Dr. O'Guin is a St. Louis chiropractor offering safe chiropractic medicine care
It’s important to understand that there are many different types of back pain. Before a therapy is applied, a correct diagnosis should be confirmed. Unfortunately this is not always the case and pain is usually lumped together into one category.

If you have back pain, a well-meaning friend may tell you what you should do based on what worked for them in a past experience. Research in studying back pain sometimes isn’t much better. Studies are done on each therapy listed below, but often without first investigating the source of pain. This is why we are left with such confusing and conflicting information. Back pain sufferers are wondering if they should get a massage, see a chiropractor, go to a yoga class, etc. Even more frustrating are the numerous companies out there that capitalize on the confusion. Shady practices of selling supplements, braces, bracelets, inserts and countless other products are all too frequent. This is why we consider education such an important part of the therapeutic process.

Each of the following back pain therapies can be extremely effective if applied to the correct condition. If one of these therapies is applied in a situation where it isn’t warranted however, it will not give much if any relief. Our office is committed to understanding each patient’s unique circumstance and ailments and applying the correct therapy.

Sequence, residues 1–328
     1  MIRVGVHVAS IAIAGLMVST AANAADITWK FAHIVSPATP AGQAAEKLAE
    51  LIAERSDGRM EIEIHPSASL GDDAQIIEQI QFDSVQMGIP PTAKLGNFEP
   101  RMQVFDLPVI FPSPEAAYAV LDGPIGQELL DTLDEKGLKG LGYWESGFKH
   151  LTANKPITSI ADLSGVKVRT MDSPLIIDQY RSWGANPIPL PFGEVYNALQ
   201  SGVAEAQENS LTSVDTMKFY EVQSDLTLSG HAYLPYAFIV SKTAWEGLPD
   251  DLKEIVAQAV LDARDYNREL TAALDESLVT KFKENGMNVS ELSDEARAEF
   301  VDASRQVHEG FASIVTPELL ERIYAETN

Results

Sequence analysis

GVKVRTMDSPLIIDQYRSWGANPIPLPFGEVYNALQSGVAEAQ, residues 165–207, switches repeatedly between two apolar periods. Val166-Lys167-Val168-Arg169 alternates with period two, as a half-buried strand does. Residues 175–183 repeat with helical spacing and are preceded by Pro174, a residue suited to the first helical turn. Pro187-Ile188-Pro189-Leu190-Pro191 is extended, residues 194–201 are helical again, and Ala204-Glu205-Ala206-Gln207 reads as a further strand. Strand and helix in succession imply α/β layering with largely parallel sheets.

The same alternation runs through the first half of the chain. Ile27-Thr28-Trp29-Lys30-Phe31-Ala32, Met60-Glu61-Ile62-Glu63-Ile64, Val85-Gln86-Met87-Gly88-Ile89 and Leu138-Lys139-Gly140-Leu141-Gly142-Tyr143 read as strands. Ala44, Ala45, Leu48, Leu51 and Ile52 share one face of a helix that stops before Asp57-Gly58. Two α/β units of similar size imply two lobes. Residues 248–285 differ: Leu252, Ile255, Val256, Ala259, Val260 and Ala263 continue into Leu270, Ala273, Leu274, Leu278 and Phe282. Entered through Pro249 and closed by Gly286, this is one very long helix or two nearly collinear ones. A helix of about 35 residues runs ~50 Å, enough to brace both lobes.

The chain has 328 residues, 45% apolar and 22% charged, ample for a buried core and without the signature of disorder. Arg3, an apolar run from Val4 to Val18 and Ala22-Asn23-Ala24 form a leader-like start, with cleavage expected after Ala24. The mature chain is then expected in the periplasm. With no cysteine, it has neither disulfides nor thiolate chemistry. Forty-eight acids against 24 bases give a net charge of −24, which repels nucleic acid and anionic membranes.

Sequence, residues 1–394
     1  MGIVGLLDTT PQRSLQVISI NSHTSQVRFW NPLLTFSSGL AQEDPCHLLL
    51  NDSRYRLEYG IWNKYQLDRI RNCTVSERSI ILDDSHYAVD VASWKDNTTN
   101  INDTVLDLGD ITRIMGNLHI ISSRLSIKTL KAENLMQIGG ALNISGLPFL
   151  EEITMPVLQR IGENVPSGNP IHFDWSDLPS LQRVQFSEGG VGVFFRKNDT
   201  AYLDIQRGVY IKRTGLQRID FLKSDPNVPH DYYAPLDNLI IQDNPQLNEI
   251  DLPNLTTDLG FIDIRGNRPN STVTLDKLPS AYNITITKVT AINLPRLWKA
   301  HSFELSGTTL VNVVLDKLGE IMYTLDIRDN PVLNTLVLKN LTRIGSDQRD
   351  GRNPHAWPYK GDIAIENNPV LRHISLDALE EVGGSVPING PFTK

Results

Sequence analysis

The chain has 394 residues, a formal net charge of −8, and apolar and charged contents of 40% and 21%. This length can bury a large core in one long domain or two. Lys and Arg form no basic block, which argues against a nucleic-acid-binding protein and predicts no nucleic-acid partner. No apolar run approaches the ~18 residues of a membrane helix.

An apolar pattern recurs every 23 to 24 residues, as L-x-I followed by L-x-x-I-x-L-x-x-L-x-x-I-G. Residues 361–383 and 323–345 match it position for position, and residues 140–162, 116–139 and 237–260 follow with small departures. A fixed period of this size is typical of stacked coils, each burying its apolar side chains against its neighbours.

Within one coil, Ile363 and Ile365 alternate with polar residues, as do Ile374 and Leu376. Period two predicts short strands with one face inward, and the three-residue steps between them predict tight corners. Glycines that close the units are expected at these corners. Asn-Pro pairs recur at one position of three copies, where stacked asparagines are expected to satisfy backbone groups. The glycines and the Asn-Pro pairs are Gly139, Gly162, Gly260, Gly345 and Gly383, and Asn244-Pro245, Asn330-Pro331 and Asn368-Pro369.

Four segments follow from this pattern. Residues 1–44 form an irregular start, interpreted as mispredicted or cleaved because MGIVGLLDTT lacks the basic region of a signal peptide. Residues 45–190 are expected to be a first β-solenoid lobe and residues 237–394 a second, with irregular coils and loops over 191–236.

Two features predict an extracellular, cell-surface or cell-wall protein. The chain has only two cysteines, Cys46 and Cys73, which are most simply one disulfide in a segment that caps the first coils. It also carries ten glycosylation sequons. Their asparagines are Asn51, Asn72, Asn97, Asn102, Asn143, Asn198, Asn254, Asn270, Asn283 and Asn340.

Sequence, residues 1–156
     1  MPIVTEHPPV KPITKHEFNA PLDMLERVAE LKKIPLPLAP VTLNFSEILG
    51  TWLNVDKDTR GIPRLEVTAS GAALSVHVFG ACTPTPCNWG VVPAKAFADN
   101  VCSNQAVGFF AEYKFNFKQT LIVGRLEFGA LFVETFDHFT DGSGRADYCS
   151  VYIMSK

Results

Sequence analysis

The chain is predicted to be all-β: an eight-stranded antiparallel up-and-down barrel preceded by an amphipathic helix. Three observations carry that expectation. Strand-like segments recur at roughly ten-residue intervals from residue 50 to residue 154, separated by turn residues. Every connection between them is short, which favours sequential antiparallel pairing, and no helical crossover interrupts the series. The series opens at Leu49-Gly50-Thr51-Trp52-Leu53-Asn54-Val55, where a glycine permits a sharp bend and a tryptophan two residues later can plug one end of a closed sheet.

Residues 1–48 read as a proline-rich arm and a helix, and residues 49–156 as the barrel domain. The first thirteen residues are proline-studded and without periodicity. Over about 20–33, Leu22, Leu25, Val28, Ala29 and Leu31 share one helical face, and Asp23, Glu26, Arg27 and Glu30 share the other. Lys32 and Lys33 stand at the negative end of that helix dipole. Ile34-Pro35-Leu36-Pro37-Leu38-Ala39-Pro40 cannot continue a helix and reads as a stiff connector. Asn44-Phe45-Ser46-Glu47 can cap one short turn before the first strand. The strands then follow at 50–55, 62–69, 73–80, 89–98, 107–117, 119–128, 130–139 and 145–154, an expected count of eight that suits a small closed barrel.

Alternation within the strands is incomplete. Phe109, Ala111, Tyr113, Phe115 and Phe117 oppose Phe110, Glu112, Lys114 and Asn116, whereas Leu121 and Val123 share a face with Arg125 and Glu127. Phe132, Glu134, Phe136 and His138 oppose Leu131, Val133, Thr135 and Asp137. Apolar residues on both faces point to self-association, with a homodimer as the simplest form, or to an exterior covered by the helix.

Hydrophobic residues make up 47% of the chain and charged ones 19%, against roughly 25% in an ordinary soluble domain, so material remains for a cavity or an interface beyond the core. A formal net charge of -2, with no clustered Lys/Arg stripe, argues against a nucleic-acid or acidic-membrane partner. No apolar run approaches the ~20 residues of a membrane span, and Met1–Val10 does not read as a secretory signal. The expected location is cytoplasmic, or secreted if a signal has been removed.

Chiropractic Adjustment

Spinal manipulations are the form of therapy that chiropractors are most known for. Back pain that is the result of joint misalignments respond best to spinal adjusting. It can be thought of as working the kinks out of the back or neck. Most people have had moments when it just feels difficult to fully turn their neck or back in a particular direction. Spinal manipulations are used to free up tension and restrictions in joints which allows for more mobility. Because joints are located beneath the muscles, this form of therapy gets to deeper levels than a stretch or massage usually can. Also, joints and muscles share similar reflex pathways, and realigning a joint can often help to relax surrounding muscle tightness. Finally, there are known pain relieving benefits from receiving spinal manipulation. For more on safety of spinal alignments click, safety of spinal manipulation.

Myofascial Release

Myofascial release is an all-encompassing name for a group of therapies that release tension in muscles and surrounding connective tissues. Myo, meaning muscle, and fascia being the connective tissue that holds muscles and other tissues together.  Some more familiar terms are massage, trigger point therapy and active release technique (ART). With the current understanding of the importance of fascia weaving through the body and holding everything together, it makes sense to give it recognition. There are many instances where muscle pain is the primary source of pain. Even when not the primary source, muscle pain can often be a secondary source of pain. Because myofascial pain is so prominent, using techniques to release muscle tension are extremely important.